Of our holdings in consumer staples, an overweight in Inner Mongolia Yili Industrial Group, which produces and sells dairy products, detracted from performance. The company’s share price de-rated due to slower than expected sales growth and low returns from branding investments. Earnings also became more volatile due to expenses related to covid controls. However, we continue to hold this stock, as we expect these issues to fade with time. Furthermore, the company has been able to hold on to gains in market share and new product categories are growing well. Among communication services holdings, not owning China’s internet content giant Tencent detracted from performance. However, we will continue to remain uninvested in the stock, as it does not offer an attractive dividend yield.
Among materials sector positions, our decision not to own POSCO, a Korean steelmaker which produces materials used in the manufacture of vehicles, machinery and home electronics, also detracted from returns. The stock rallied thanks to Korean retail investors’ enthusiasm for battery materials. The company’s plans to produce battery cathodes were also well-received by the market, but we intend to stay out of the stock, as we do not share the market’s conviction in POSCO’s fundamentals, or its ability to fend off competitors over the long-term.
Our country allocations had a positive impact on relative performance over the year. The Company’s exposure to Mexico was the most important contributor. Since the pandemic, manufacturers have attempted to diversify and strengthen their global supply chains, and Mexico’s proximity to the large markets of the US and Canada means it stands to benefit greatly from this nearshoring trend, via heavier investment in manufacturing, including from foreign investors. In fact, these benefits are already materialising – Mexico became America’s top trading partner during the first half of 2023. Our positions in Banorte and Kimberly Clark Mexico, a supplier of household and personal products, have done well accordingly. Peru was another market which added to relative returns, due to our position in copper miner Southern Copper. Demand for copper is strong and likely to increase over time as this mineral is a key component of batteries and other components and equipment necessary of the transition to net zero carbon emissions.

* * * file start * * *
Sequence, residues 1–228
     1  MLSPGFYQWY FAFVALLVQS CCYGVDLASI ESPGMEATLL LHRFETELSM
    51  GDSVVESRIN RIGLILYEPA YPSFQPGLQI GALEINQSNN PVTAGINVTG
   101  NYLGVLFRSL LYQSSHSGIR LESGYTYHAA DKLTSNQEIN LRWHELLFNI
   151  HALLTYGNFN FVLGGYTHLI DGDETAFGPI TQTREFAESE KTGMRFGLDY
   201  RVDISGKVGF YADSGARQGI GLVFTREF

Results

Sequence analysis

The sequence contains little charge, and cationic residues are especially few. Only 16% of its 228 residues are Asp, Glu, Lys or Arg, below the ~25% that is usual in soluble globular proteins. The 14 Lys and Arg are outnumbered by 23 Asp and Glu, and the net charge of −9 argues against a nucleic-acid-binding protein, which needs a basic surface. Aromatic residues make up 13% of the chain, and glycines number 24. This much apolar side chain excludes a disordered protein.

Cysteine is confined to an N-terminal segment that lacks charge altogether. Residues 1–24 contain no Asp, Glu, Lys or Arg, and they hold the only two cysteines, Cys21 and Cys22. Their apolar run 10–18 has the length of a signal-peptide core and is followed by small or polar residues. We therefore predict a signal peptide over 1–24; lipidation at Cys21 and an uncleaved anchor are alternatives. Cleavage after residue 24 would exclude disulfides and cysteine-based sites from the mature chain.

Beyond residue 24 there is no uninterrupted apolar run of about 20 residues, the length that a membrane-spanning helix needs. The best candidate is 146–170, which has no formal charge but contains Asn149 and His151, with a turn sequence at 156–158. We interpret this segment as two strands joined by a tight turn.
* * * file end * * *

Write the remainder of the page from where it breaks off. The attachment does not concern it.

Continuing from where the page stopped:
In Asia, our exposure to Taiwan was another positive contributor to relative returns, thanks to gains in our holdings in semiconductor companies such as Novatek Microelectronics and computer hardware companies such as Wiwynn, which were supported by rising demand for semiconductors in general and, in a couple of cases, potential new opportunities in AI.
On the negative side, the Indian market performed well, but our underweight position relative to the Benchmark created a drag on relative returns. It is difficult to find Indian stocks offering an attractive yield, partly because India is more of a ‘growth’ market, and because valuations are high, thanks to positive investor sentiment towards the country, which means the yields on offer are correspondingly low. Our underweight in South Korea also hurt returns, in large part due to not owning POSCO, which, as previously mentioned, has gained thanks to retail investor enthusiasm, which we do not share.
Not owning stock in Turkey was a further drag. The market rose as high domestic inflation, negative interest rates and unattractive government bond yields made equity investment the only viable investment alternative for local investors. However, these are hardly compelling reasons for us to invest in this market, especially given escalating macroeconomic uncertainty and currency weakness, so we chose not to hold any Turkish names.
JEMI : Decent year for JPMorgan Global Emerging Markets Income